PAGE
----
As followers of Jesus, we have every right to claim that the Lord God has given to Jesus the “throne” of David, so long as we realize that this is a theological throne and not a political or physical throne. Other necessary qualifications are that we understand the process by which some of the followers of Jesus made this theological claim, and that we openly recognize and continue to acknowledge the continuing validity of Jewish spirituality, Jewish life and faith, and of Jewish Messianic expectations. We know that we as Christians have taken the Jewish Messianic expectations into a new extended phase and in doing this we have given to them a somewhat different Christian Messianic expectation meaning through the Christian claim that Jesus in his life fulfilled the Messianic “prophecies” of the Older Testament. But what we have done is alongside the Jewish use of these expectations and in no way replaces or excludes the ongoing and dynamic Jewish use for which Jews have the primary claim. What we as Christians have done and are doing with these Messianic expectations must be seen as in a sense secondary to the Jewish use and in continuity with and congruent to the ongoing Jewish hope and expectations. It would be most appropriate for us as Christians to remember this and to acknowledge it at all times and especially here at the conclusion of our Advent season. Then perhaps we could invite Jews to be our guests in our Christian worship services and to hear our understanding of the Messianic expectations that we share, even as we are invited to be their guests and to hear their understanding of their Messianic expectations. When we have done all of this, we are truly “ready” for Christmas, prepared to celebrate the Nativity of the Lord.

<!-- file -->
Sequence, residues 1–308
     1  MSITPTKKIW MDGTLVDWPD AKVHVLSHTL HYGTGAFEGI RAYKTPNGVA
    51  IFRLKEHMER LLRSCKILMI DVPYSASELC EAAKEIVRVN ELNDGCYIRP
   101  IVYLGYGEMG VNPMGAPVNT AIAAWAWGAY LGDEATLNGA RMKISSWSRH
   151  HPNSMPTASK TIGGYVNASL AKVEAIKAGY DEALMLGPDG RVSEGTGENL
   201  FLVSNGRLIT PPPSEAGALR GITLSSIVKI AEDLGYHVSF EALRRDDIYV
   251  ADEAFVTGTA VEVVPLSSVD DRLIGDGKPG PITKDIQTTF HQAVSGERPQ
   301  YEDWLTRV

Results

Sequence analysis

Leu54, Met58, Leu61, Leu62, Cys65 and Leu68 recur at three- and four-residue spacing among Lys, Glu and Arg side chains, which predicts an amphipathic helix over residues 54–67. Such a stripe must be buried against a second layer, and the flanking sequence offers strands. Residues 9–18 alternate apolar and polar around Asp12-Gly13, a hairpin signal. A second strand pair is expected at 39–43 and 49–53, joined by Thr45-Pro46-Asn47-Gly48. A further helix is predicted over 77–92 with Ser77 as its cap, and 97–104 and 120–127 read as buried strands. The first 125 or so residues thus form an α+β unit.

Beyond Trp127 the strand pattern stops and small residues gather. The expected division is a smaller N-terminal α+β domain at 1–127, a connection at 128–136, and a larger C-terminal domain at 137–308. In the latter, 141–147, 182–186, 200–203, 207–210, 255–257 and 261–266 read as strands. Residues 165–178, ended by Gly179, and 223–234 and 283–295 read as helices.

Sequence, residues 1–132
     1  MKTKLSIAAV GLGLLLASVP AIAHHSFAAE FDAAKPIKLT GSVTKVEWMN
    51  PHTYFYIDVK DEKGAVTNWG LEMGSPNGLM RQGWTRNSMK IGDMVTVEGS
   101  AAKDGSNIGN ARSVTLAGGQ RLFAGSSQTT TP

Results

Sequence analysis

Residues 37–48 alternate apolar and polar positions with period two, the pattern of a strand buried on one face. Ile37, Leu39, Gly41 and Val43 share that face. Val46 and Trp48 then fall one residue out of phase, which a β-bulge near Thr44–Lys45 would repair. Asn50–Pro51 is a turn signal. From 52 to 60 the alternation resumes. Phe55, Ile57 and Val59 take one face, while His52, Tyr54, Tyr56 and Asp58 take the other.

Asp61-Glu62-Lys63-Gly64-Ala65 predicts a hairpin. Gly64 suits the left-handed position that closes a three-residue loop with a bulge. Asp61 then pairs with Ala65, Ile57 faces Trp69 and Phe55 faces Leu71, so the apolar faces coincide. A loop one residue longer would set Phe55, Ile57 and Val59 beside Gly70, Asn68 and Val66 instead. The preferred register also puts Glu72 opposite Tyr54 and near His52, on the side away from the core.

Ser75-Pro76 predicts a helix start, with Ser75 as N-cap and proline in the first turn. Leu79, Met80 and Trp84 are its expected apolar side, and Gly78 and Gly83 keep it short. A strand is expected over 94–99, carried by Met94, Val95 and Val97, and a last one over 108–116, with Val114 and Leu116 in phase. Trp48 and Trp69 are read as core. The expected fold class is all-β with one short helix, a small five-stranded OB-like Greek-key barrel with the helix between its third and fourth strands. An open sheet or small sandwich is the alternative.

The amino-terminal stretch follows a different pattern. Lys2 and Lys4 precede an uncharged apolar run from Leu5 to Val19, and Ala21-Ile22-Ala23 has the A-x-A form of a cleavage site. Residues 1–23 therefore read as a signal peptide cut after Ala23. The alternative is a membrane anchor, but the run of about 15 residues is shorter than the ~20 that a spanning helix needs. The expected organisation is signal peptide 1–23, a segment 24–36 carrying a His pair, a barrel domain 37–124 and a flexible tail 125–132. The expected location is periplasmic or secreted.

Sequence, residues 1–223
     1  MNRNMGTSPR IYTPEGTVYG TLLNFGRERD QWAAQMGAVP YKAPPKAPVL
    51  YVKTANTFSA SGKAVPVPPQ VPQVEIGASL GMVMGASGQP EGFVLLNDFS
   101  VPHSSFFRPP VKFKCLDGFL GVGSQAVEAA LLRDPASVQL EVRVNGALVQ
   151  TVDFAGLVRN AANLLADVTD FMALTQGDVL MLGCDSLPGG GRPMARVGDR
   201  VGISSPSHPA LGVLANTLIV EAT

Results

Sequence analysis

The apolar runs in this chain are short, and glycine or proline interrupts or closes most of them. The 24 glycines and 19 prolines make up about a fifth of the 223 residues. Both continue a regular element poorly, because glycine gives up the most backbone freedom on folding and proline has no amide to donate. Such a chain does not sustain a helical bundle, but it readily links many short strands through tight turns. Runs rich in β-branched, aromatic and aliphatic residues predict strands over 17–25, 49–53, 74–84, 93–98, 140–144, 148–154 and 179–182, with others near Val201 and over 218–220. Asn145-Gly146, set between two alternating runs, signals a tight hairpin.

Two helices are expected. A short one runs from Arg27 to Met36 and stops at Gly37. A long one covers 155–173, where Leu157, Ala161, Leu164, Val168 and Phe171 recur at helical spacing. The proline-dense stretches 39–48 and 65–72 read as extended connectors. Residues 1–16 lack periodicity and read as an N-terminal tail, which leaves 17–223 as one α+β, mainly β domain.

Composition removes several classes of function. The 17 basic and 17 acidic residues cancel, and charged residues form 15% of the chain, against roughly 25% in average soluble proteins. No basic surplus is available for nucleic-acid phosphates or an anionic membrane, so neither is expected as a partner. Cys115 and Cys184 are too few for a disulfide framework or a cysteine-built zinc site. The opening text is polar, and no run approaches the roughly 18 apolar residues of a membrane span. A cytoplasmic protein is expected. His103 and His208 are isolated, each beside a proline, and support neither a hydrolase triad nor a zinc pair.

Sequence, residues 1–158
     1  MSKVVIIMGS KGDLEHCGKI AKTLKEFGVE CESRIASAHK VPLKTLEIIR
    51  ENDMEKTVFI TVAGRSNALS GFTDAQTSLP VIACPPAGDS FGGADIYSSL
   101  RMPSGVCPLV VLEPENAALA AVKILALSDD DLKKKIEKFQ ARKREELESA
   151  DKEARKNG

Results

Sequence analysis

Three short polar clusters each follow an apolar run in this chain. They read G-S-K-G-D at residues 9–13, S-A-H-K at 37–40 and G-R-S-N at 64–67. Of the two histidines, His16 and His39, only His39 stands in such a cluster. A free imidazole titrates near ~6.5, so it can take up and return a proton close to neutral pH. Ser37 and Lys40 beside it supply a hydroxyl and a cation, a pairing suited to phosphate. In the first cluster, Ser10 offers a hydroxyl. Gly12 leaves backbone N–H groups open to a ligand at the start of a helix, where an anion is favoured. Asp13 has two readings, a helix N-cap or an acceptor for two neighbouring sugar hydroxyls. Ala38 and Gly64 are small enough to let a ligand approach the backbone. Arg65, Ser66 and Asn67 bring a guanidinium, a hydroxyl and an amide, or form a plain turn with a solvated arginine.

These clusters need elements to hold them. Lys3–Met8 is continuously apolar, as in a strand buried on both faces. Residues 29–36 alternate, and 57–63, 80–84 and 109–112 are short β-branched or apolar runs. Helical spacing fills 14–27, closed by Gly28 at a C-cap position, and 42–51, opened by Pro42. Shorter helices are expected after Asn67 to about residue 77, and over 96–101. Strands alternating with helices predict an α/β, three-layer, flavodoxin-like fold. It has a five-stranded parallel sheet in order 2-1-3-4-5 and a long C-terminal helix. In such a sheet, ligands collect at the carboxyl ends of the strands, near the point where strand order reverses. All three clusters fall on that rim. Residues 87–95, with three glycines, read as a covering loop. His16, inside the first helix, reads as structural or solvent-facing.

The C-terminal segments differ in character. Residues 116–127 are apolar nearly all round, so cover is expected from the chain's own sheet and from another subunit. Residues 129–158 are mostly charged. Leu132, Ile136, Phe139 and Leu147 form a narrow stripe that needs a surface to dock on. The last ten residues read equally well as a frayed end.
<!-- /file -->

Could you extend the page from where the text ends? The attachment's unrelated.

2 Kings 2:1-12
This account is evidence that there was a tendency in the direction of the deification of Elijah within some Israelite traditions, just as there may have been with regard to Moses (Deuteronomy 34:1-12) and earlier within some Semitic traditions with respect to Enoch (Genesis 5:22-24). The accounts of the ascension of Jesus within the Luke-Acts corpus provide the most extensive biblical evidence of the more complete theological development of this nature among early Christians with regard to Jesus.